December 11, 2010
It is hard for students to imagine professors outside of the classroom. So here's a look at the free time of three MU professors who engage in roller derby, herpetology and kettlebell weightlifting.
Katherine Wilkie* shows veterinary technician Billy Inskeep the collection of red blood cells and stem cells at the bottom of a test tube after coming out of a centrifuge on Friday at the Columbia Pet Hospital. The stem cells will be injected into a four-year-old Labrador Retriever that has painful joints as part of a new procedure in veterinary medicine.
Ellie, a four-year-old Labrador Retriever, waits for a procedure in which her own stem cells will be injected into her painful shoulders and elbows on Friday at the Columbia Pet Hospital.
Ellie, a four-year-old Labrador Retriever, paces in a kennel on Friday at the Columbia Pet Hospital between procedures. The first procedure involved removing fat cells, which will then be used to harvest stem cells. The second procedure occurs about an hour after the first, and involves injecting the stem cells into affected areas — in this case, Ellie’s shoulders and elbows.
Cami Anderson, 10, lays on the floor and comforts her dog Ellie on Friday at the Columbia Pet Hospital after veterinarians gave the dog an anesthetic shot, knocking her unconscious before a procedure that will place stem cells into painful joints.
Katherine Wilkie* watches veterinary technician Billy Inskeep extract waste fluid from a test tube containing a dog’s stem cells that had just come out of the centrifuge on Friday. The stem cells will be injected into the four-year-old Labrador Retriever Ellie, who suffers from painful joints, as part of a new procedure in veterinary medicine.
Cami Anderson, 10, sits on the floor and comforts her dog Ellie on Friday after veterinarians gave the dog an anesthetic shot, knocking her unconscious before a procedure that will put stem cells into painful joints at the Columbia Pet Hospital. The new procedure, which is done entirely in-clinic, was the first one done in Missouri. It involves removing the animal’s fat cells, separating the stem cells, activating them, and then injecting them into the affected area.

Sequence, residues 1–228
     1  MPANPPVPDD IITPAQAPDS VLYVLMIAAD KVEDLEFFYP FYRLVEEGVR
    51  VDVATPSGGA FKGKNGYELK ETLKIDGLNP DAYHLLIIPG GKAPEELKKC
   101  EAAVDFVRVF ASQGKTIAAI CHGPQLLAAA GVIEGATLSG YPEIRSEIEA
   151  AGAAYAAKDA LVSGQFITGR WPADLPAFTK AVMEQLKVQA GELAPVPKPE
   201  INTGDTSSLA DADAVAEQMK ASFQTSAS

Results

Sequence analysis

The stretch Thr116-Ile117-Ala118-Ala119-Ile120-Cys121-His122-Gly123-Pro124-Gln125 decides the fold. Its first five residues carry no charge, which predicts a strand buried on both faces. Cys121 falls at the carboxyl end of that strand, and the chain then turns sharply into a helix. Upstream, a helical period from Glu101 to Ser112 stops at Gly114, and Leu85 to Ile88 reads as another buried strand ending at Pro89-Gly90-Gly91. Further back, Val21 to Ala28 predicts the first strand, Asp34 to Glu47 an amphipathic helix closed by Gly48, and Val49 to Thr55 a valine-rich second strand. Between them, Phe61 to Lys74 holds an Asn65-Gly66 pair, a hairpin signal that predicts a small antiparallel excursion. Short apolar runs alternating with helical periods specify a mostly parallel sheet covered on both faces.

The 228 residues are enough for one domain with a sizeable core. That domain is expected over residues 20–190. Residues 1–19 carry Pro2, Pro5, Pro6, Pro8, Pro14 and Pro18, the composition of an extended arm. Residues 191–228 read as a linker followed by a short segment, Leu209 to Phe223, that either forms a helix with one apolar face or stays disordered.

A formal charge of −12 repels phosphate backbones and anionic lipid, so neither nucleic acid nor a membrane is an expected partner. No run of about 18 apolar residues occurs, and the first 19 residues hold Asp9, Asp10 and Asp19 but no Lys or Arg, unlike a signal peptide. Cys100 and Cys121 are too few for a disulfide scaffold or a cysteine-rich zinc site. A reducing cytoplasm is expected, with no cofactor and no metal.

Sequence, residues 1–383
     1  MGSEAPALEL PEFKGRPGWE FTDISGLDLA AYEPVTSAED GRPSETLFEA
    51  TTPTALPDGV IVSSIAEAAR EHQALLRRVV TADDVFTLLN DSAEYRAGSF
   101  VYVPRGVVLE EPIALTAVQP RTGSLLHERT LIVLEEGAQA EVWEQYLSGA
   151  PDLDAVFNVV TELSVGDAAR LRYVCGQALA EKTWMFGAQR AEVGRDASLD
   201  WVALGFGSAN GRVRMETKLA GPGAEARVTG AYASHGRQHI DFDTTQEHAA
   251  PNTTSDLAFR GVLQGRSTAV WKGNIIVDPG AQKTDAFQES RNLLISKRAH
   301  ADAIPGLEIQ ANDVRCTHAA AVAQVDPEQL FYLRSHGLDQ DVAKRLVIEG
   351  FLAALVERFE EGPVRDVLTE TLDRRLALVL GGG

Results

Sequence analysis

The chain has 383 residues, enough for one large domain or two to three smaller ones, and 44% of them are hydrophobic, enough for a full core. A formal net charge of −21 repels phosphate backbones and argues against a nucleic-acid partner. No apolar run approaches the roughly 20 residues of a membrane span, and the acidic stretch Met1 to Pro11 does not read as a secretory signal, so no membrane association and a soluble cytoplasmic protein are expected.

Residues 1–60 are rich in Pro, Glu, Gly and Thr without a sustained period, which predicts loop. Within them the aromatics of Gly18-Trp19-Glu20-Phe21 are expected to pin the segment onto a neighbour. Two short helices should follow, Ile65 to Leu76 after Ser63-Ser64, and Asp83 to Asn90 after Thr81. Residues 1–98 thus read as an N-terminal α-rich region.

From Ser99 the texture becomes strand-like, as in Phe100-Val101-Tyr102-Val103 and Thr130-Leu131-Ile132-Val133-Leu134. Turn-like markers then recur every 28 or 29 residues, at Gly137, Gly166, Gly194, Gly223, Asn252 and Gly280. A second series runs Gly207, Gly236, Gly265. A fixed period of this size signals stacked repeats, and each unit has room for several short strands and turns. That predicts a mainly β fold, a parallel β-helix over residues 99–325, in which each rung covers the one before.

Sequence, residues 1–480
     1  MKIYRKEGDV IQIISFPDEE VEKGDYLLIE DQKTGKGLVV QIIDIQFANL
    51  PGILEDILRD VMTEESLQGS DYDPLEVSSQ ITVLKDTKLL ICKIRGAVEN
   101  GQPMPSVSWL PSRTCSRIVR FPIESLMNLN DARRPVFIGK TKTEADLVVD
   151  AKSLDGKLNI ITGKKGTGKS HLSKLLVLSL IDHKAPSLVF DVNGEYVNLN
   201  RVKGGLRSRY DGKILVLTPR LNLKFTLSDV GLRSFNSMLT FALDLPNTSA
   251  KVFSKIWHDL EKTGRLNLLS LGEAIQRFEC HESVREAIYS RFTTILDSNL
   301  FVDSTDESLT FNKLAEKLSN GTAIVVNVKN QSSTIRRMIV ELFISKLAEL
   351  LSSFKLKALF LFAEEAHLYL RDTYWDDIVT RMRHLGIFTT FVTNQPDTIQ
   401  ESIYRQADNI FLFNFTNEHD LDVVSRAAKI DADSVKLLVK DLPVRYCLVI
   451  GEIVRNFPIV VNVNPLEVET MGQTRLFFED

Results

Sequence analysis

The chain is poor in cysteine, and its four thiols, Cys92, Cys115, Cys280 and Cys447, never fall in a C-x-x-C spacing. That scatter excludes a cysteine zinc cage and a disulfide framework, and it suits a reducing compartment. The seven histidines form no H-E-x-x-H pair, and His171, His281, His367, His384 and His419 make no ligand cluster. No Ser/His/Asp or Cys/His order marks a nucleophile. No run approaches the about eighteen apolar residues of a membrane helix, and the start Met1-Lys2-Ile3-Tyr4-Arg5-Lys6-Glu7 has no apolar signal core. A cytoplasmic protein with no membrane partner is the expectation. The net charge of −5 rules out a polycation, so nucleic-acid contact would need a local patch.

December 10, 2010
MU freshman Tori Howard pushes off the vault during warm ups before the first round of the Mizzou Black and Gold Gymnastics Exhibition on Friday at the Hearnes Center.
Freshman Alex Skinner pulls herself around the high bar on Friday.
Cathryn Aliceaacosta, freshman, finishes her balance beam routine during the Mizzou Black and Gold Gymnastics Exhibition at Hearnes Center.
Junior Allie Heizelman back flips on the balance beam.
Freshman Brittani Price laughs with her teammates after finishing her floor routine during the MU Black and Gold Gymnastics Exhibition on Friday at the Hearnes Center.
Clinton Wilson, a carpenter with Interior Construction Services, wipes down the inside of a glass encasement for students to show off their work as Parkway Central High School opened its new state-of-the-art science wing for classes Monday in Chesterfield.
Mikayla Kennedy, a junior at Parkway Central High School, takes a look around her new biology classroom as the school opened its new state-of-the-art science wing for classes Monday in Chesterfield.
Strength in the body, honesty in the heart, knowledge in the mind. These are the words that are spoken before every martial arts class at Hockman’s ATA Black Belt Academy on Corporate Lake Drive. About 45 martial arts students participated in the first annual Board Break-a-Thon on Dec. 3. Students gained sponsorships and broke 1,000 boards in about 30 minutes.
David Stokes is a policy analyst for the Show-Me Institute, a Missouri-based think tank.
Barbara O'Brien gets under the tree as she decorates a house in Spanish Lake, Mo, Nov. 29.
Barbara O'Brien decorates a house for the holidays in Spanish Lake, Mo, on Nov. 29. Her business The Silver Garden, with partner David Sacks, keeps them busy during the holidays decorating for others - who can afford it.
December 9, 2010
Missouri volleyball coach Wayne Kreklow said when he first saw his players' pregame huddle, it reminded him of the chants of men’s basketball teams. His players say the huddle both energizes them and allows them to get a little goofy. “We all love it,” senior libero Caitlyn Vann said. “It gets us jacked up, and it’s kind of funny.”
After college Hickman boys basketball coach David Johnson played professionally in and around Melbourne, Australia for the Sunbury Jets and Bendigo Braves.